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November 18, 2016

Extraordinary Story Behind the Photo That Changed the Face of AIDS

In November 1990 LIFE magazine published a photograph of a young man named David Kirby — his body wasted by AIDS, his gaze locked on something beyond this world — surrounded by anguished family members as he took his last breaths. The haunting image of Kirby on his death bed, taken by a journalism student named Therese Frare, quickly became the one photograph most powerfully identified with the HIV/AIDS epidemic that, by then, had seen millions of people infected (many of them unknowingly) around the globe.

David Kirby on his deathbed, Ohio, 1990.

It was 1990. The AIDS epidemic had already wreaked havoc on millions of people’s lives across the world, ravaging families and communities. Lack of public education contributed to wide-spread hysteria about the disease. Those living with HIV/AIDS suffered violent discrimination and isolation.

The Witness

Therese Frare, a young photojournalist student, started graduate school at Ohio University that year. A gay rights activist, Therese wanted to cover AIDS for her school project, but she had difficulty finding a community of people living with the disease willing to be photographed. She began volunteering at the Pater Noster House, an AIDS hospice in Columbus and befriended Peta, a half Native American, HIV positive caregiver and client who “rode the line between genders.” Peta cared for David Kirby, a gay activist from a small Ohio town who had been estranged from his family since revealing his sexuality.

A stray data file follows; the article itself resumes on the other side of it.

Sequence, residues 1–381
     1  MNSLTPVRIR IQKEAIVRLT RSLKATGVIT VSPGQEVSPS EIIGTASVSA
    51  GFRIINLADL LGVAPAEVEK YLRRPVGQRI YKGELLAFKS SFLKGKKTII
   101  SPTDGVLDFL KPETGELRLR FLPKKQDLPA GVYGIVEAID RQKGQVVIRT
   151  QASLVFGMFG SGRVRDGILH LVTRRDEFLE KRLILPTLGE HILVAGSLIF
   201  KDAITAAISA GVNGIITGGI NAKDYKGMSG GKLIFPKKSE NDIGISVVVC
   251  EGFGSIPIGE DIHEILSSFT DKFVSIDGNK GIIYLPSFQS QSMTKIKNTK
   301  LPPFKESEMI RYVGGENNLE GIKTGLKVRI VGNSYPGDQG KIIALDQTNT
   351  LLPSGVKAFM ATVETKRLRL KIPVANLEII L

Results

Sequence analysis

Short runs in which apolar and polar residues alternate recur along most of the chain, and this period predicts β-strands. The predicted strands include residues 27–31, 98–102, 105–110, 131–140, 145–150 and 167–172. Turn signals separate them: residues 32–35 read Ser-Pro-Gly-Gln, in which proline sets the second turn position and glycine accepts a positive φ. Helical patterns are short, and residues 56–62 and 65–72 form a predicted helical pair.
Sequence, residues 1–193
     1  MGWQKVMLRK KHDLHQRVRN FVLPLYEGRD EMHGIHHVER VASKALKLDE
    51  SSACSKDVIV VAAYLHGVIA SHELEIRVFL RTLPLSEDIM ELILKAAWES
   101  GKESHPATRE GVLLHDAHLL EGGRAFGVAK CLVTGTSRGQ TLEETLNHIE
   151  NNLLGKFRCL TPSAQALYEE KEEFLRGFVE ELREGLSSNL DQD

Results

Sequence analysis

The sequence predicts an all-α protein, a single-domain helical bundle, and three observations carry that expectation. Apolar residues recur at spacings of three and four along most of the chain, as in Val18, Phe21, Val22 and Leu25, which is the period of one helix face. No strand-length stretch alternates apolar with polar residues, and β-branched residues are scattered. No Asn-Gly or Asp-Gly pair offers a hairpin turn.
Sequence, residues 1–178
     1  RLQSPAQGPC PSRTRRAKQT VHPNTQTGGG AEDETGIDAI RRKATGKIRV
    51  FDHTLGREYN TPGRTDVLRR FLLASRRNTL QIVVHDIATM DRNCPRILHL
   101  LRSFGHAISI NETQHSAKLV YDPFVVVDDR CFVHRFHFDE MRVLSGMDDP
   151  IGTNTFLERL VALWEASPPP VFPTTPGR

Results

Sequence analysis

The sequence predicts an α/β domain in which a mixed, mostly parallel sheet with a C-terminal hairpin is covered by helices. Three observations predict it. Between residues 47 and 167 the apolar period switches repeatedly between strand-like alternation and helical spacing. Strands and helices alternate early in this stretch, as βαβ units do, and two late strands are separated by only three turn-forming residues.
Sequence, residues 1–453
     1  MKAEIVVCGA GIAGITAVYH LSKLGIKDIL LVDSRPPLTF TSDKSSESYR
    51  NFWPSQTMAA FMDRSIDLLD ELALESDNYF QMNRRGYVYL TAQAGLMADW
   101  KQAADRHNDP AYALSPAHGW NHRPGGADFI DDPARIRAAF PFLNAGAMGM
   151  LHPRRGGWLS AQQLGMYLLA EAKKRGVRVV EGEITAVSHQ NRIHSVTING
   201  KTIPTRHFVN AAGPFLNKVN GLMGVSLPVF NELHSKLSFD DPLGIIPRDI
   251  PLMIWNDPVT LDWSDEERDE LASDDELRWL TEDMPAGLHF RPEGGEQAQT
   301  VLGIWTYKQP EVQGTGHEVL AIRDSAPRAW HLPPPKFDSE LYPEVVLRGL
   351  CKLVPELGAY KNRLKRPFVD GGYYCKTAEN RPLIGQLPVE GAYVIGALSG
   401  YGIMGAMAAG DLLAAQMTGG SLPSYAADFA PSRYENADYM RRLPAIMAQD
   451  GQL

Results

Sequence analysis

“I started grad school at Ohio University in Athens in January 1990,” Frare told LIFE. “Right away, I began volunteering at the Pater Noster House, an AIDS hospice in Columbus. In March I started taking photos there and got to know the staff — and one volunteer, in particular, named Peta — who were caring for David and the other patients.”

Therese asked David if he minded having his photo taken. He said no—as long as there was no personal profit made from his image—because he knew the power of visuals in changing people’s perceptions.

In another of Therese Frare's photos taken in the final moments of David Kirby's life, his caregiver and friend, Peta; David's father; and David's sister, Susan, say goodbye.

Bill Kirby tries to comfort his dying son, David, 1990.

A nurse at Pater Noster House in Ohio holds David Kirby's hands not long before he died, spring 1990.

David Kirby, Ohio, 1990.